Meet John Doe (1941)

Eighty-one years ago today, the film Meet John Doe premiered. The ‘Every Man’ story was where Frank Capra excelled, but adding Gary Cooper and Barbara Stanwyck to it is extraordinary. You should watch this movie.

Title: Meet John Doe
Directed by: Frank Capra
Produced by: Frank Capra
Screenplay by: Robert Riskin
Story by: Robert Presnell, Sr.
Based on: A Reputation 1922 story in ‘Century Magazine’ by Richard Connell
Starring: Gary Cooper, Barbara Stanwyck
Music by: Dimitri Tiomkin
Cinematography: George Barnes
Edited by: Daniel Mandell
Distributed by: Warner Bros.
Release date: May 3, 1941
Running time: 122 minutes
Country: United States
Language: English
Box office: $1.8 million

A local newspaper, The Bulletin, is under new management, with columnist Ann Mitchell being one of the staffers dismissed to “streamline” the paper, but not before being told to write one final column. Infuriated, Ann prints a letter from a fictional unemployed “John Doe” threatening suicide on Christmas Eve in protest of society’s ills. When the letter causes a sensation among readers, and the paper’s competition, The Chronicle, suspects a fraud and starts to investigate, editor Henry Connell is persuaded to rehire Ann, who schemes to boost the newspaper’s sales by exploiting the fictional John Doe. From a number of derelicts who show up at the paper claiming to have written the original letter, Ann and Henry hire John Willoughby, a former baseball player and tramp in need of money to repair his injured arm, to play the role of John Doe. Ann starts to pen a series of articles in Doe’s name, elaborating on the original letter’s ideas of society’s disregard for people in need.

Willoughby gets $50, a new suit of clothes, and a plush hotel suite with his tramp friend “The Colonel”, who launches into an extended diatribe against “the heelots”, many heels who incessantly focus on getting money from others. Proposing to take Doe nationwide via the radio, Ann is given $100 a week by the Bulletin’s publisher, D. B. Norton, to write radio speeches for Willoughby. Meanwhile, John is offered a $5,000 bribe from the Chronicle to admit the whole thing was a publicity stunt, but ultimately turns it down and delivers the speech Ann has written for him instead. Afterward, feeling conflicted, he runs away, riding the rails with the Colonel until they reach Millsville. “John Doe” is recognized at a diner and brought to City Hall, where he’s met by Bert Hanson, who explains how he was inspired by Doe’s words to start a “John Doe club” with his neighbors.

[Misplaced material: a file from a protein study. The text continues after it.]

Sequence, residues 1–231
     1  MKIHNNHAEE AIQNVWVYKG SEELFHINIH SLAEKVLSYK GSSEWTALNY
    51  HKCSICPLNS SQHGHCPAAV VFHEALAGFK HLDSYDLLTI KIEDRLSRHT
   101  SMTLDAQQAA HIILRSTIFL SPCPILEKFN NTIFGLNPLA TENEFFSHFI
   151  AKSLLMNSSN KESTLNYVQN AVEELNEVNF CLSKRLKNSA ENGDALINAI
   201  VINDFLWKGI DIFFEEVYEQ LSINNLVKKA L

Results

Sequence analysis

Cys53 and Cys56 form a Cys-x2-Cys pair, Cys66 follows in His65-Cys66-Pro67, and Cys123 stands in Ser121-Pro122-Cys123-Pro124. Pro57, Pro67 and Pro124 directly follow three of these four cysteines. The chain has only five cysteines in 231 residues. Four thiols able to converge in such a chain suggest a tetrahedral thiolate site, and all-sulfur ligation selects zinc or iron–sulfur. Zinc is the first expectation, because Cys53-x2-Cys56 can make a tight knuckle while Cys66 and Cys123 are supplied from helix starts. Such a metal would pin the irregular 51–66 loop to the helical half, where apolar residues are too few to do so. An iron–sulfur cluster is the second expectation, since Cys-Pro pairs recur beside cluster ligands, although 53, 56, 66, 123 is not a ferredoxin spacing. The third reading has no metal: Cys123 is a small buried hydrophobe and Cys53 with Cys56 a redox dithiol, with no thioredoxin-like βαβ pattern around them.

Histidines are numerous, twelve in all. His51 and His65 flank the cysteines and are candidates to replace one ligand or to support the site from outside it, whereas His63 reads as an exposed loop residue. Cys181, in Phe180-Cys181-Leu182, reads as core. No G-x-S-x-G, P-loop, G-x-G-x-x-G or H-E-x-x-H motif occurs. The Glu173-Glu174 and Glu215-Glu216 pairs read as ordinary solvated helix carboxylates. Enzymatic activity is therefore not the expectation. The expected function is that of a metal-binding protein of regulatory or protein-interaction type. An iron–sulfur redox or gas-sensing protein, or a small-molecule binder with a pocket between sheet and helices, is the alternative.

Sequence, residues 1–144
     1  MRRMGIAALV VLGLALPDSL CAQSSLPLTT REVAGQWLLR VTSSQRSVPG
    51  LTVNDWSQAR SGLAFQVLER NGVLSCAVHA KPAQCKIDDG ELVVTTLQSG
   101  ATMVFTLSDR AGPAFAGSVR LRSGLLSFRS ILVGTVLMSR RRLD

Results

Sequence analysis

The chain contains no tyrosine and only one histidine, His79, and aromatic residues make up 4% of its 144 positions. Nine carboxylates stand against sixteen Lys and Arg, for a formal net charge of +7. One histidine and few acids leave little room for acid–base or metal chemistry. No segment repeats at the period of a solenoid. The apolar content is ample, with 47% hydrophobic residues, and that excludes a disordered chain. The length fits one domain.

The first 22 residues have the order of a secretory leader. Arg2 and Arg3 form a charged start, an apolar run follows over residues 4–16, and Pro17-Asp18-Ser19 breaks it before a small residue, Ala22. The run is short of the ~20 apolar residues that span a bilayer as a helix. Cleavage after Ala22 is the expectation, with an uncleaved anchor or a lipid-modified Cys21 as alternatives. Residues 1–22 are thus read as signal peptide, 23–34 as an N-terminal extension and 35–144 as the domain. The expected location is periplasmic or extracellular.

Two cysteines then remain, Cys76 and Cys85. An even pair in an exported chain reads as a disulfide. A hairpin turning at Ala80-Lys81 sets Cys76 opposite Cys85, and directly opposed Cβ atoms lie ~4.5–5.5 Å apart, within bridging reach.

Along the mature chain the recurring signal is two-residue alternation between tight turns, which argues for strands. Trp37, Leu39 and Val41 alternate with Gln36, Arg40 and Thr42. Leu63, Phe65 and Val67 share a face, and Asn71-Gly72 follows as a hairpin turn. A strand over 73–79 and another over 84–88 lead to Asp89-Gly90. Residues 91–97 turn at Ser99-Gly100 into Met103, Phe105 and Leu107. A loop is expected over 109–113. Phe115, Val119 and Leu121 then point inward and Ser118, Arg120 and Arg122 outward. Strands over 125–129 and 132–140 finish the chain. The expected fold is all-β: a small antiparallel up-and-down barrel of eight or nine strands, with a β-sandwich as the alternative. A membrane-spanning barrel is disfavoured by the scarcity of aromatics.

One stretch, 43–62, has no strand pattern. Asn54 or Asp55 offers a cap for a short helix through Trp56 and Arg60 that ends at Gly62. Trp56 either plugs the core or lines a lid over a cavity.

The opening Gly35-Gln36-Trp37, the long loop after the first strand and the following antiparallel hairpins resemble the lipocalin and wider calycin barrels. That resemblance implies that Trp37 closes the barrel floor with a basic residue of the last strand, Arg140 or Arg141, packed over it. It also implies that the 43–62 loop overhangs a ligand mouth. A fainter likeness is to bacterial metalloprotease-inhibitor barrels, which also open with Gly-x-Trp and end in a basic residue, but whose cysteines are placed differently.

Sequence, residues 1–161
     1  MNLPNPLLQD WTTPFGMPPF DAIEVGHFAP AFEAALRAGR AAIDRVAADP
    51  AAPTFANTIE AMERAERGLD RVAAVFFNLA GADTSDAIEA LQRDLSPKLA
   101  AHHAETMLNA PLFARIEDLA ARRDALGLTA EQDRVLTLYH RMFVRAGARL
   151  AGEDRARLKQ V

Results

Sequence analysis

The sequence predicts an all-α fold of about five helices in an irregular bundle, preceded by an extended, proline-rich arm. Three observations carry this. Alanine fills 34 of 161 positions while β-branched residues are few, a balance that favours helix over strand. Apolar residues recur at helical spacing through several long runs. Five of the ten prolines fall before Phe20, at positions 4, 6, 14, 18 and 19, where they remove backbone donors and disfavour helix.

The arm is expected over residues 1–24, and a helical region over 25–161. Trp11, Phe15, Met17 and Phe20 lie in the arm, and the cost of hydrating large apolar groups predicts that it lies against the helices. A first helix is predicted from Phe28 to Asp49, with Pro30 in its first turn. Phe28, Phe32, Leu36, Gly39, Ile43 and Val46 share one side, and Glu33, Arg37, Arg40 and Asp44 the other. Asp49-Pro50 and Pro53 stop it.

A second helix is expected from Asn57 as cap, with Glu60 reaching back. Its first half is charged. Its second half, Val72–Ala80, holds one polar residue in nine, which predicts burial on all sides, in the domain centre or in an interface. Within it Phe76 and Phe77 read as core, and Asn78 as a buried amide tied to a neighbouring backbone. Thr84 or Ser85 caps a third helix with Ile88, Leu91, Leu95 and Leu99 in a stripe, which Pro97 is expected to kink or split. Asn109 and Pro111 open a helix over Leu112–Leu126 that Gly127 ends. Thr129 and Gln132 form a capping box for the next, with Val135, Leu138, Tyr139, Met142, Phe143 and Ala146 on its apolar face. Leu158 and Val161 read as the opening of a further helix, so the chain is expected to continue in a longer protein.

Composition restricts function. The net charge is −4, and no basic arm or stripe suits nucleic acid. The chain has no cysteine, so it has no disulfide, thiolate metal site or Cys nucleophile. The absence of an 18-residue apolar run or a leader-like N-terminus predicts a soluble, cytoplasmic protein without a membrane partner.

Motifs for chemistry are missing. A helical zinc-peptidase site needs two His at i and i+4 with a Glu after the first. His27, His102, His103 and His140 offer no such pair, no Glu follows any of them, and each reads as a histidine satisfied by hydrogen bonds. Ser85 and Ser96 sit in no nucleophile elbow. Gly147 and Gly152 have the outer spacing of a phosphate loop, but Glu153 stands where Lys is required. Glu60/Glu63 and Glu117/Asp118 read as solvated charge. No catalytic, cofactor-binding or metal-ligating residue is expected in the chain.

The John Doe philosophy spreads across the country, developing into a broad grassroots movement whose simple slogan is, “Be a better neighbor”. However, Norton secretly plans to channel support for Doe into support for his own national political ambitions. When a John Doe rally is scheduled, with John Doe clubs from throughout the country in attendance, Norton instructs Mitchell to write a speech for Willoughby in which he announces the foundation of a new political party and endorses Norton as its presidential candidate. On the night of the rally, John, who has come to believe in the John Doe philosophy himself, learns of Norton’s treachery from a drunken Henry. He denounces Norton and tries to expose the plot at the rally, but his speech is interrupted by hordes of newsboys carrying a special edition of the Bulletin exposing Doe as a fake. Norton claims Doe had deceived him and the staff of the newspaper, like everyone else, and cuts off the loudspeakers before Doe could defend himself. Despondent at letting his now-angry followers down, John plans to commit suicide by jumping from the roof of the City Hall on Christmas Eve, as indicated in the original John Doe letter. Ann, who has fallen in love with John, desperately tries to talk him out of jumping (saying that another John Doe, has already died for the sake of humanity), and Hanson and his neighbours tell him of their plan to restart their John Doe club. Convinced not to kill himself, John leaves, carrying a fainted Ann in his arms, and Henry turns to Norton and says, “There you are, Norton! The people! Try and lick that!”

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